Then David said to Solomon his son, “Be strong and courageous and do it. Do not be afraid and do not be dismayed, for the Lord God, even my God, is with you. He will not leave you or forsake you, until all the work for the service of the house of the Lord is finished” (1 Chronicles 28:20).
Aristotles’ mean for courage was between fear and recklessness. American author Henry van Dyke argued that there was a “sharp distinction between courage and recklessness” (Dyke, Courage Is the Standing Army of the Soul). Ignorance versus intelligence, according to Dyke, is that fine distinction that thrusts the drunkard into battle or equips the well-trained, studious solider who knows all that awaits them. Courage can come in several forms as well. Physical courage and intellectual courage both demand a surrendering of safety and peace. Leroy E. Mosher observed it was “easier to drift with the current than to oppose it” (Mosher, The Courage of His Convictions). While all of these are true statements, the highest form of truth manifests itself from the Christian pursuit of God as A.W. Tozer informed his readers that, “Our pursuit of God is successful just because He is forever seeking to manifest Himself to us” (Tozer 2006, p. 71, The Pursuit of God). Modern academia tells its students to cite their sources. Christians must acknowledge their source by which the God of David and Solomon gain their strength of moral courage.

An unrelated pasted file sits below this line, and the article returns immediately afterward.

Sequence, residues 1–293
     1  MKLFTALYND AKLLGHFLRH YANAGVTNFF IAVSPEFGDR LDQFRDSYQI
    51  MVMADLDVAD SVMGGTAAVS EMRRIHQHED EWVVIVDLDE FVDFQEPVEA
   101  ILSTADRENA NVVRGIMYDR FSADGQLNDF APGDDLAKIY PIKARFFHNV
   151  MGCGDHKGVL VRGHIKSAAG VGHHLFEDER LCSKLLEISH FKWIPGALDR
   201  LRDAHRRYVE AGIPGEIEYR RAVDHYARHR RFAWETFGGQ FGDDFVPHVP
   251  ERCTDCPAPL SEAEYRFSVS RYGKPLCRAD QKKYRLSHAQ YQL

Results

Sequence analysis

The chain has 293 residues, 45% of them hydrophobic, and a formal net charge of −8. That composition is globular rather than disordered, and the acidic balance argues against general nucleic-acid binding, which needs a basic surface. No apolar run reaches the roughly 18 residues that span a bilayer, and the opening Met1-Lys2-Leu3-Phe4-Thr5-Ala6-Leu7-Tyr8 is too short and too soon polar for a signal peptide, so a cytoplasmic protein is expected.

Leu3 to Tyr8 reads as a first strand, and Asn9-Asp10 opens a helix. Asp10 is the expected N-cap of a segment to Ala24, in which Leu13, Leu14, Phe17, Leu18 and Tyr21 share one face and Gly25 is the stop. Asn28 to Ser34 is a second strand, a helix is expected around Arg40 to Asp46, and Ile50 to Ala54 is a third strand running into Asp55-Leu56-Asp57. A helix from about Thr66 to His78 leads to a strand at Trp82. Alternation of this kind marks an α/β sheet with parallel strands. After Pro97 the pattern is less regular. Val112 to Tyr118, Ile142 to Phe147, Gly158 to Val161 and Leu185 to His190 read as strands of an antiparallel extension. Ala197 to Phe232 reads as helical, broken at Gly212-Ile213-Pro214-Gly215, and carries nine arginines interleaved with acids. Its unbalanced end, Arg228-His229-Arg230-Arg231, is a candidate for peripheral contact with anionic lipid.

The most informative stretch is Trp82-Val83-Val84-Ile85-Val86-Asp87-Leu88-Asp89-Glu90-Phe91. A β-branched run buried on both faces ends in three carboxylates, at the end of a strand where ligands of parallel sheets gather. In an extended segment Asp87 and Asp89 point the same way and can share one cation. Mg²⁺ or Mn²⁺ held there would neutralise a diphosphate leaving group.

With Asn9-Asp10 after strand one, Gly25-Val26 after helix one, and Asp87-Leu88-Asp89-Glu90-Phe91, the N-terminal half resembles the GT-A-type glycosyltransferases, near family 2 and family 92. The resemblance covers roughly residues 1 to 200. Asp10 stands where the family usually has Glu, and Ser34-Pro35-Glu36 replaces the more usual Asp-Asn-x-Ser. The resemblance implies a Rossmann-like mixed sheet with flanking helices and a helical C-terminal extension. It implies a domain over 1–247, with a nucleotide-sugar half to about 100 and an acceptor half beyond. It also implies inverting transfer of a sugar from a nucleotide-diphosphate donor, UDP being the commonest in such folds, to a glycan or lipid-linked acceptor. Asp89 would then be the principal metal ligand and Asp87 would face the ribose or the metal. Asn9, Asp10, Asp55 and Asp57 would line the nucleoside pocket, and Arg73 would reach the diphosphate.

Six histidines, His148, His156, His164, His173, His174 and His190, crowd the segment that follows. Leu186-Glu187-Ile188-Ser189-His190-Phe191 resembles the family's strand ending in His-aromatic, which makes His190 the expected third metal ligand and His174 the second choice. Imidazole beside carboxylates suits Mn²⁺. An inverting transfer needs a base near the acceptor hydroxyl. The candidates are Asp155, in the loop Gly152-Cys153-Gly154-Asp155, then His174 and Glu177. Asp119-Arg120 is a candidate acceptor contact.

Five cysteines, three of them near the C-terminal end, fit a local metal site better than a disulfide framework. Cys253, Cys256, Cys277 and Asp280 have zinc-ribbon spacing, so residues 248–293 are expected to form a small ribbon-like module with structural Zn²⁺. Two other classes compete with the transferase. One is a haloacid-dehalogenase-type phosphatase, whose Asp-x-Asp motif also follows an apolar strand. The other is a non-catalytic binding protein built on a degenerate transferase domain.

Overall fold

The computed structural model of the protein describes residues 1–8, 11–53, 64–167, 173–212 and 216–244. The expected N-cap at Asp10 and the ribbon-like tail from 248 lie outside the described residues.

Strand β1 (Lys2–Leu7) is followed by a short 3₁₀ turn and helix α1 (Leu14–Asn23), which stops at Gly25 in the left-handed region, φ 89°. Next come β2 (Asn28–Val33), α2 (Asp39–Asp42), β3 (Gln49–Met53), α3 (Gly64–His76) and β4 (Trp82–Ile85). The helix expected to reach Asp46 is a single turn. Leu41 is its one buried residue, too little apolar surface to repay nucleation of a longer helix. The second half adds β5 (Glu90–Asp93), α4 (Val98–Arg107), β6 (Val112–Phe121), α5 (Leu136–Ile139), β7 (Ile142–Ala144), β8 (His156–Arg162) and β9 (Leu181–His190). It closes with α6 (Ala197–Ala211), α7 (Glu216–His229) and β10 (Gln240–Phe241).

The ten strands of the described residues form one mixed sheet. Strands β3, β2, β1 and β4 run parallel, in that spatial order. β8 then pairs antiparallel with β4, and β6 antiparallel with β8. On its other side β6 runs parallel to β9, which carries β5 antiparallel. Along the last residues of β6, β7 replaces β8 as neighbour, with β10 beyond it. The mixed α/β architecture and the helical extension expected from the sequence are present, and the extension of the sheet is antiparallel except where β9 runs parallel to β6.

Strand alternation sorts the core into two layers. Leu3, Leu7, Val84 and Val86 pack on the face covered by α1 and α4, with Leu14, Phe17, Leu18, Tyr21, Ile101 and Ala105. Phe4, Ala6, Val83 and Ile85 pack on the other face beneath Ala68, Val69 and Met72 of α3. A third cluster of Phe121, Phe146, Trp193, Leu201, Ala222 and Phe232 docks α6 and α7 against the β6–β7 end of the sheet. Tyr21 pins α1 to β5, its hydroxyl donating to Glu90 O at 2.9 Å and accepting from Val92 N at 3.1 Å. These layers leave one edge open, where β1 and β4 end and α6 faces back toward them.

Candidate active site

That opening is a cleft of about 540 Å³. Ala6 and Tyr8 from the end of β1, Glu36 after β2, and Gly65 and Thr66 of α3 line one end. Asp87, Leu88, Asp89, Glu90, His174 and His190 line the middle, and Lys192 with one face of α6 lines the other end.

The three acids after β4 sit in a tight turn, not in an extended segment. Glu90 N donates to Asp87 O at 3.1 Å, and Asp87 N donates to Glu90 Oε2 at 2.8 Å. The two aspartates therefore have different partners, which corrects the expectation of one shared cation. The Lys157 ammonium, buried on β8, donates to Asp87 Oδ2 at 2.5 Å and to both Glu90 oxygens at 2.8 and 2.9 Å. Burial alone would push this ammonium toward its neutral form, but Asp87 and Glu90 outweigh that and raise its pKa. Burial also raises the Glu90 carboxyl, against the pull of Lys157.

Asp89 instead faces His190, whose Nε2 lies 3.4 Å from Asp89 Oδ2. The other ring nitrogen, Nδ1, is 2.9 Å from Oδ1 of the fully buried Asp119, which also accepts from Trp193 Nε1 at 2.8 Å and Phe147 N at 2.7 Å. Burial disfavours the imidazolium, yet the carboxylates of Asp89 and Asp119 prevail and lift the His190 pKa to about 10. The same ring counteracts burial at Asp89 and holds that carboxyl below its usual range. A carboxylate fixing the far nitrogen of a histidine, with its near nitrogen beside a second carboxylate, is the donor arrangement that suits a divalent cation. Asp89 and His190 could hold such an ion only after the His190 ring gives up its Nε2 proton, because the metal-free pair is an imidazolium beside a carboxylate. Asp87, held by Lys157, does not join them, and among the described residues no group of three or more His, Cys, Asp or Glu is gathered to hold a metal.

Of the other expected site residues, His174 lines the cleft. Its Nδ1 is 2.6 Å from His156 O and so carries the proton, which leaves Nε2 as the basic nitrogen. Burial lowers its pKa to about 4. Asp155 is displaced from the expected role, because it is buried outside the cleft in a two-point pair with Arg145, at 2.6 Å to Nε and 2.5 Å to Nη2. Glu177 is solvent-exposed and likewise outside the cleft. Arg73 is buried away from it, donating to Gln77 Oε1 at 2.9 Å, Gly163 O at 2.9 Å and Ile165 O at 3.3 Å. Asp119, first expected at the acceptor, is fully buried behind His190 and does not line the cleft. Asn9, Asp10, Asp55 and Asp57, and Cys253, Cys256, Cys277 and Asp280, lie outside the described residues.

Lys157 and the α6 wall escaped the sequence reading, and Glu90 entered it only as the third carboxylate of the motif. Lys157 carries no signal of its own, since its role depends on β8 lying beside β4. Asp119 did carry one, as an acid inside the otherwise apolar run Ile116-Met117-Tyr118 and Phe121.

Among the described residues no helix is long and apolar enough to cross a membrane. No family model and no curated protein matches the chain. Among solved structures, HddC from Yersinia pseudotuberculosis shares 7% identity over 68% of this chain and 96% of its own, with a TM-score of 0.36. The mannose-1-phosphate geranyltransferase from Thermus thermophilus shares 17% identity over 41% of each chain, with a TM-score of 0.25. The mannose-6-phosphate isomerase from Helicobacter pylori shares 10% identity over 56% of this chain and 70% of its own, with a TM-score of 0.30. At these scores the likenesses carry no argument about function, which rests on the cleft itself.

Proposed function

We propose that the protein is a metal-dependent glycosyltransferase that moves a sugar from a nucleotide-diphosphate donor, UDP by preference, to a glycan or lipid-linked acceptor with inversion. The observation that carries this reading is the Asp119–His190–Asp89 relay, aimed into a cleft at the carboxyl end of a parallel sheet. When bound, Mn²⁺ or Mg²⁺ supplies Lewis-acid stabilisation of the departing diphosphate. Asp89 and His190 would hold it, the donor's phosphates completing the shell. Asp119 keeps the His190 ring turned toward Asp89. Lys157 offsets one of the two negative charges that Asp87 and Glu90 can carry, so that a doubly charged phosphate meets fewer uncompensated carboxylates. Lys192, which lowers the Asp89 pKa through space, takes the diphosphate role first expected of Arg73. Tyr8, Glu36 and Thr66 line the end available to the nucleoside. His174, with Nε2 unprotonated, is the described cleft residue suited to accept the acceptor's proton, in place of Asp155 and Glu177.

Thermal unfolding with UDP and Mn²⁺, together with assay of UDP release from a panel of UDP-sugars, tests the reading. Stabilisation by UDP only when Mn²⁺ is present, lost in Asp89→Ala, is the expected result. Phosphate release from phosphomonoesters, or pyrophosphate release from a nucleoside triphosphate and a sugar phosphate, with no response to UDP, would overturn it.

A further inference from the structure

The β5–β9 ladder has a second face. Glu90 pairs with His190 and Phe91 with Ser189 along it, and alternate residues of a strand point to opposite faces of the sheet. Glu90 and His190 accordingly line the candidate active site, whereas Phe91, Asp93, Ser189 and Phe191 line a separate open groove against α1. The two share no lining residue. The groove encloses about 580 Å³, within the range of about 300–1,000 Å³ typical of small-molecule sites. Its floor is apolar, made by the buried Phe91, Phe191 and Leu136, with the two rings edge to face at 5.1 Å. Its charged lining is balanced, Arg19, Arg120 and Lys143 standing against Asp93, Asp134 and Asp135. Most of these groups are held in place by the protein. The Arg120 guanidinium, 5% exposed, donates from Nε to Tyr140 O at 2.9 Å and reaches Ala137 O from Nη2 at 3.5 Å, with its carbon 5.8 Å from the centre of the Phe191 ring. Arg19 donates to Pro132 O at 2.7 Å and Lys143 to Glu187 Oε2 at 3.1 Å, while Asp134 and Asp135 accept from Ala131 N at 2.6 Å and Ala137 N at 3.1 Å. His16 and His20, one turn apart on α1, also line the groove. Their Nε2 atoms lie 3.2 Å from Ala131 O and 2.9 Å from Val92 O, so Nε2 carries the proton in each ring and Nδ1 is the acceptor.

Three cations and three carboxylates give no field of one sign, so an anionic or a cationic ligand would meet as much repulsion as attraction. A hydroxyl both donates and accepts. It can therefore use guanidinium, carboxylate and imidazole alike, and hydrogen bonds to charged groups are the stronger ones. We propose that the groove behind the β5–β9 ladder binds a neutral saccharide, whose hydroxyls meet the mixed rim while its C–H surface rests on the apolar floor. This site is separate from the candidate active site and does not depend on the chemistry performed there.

Courage is the opposite of fear and no one can be courageous unless he first has fear. A courageous person acts despite being afraid; there is nothing special about doing that which he does not fear. Stimulating courage in one another is therefore a vital ministry. – R.C. SproulFear and Courage
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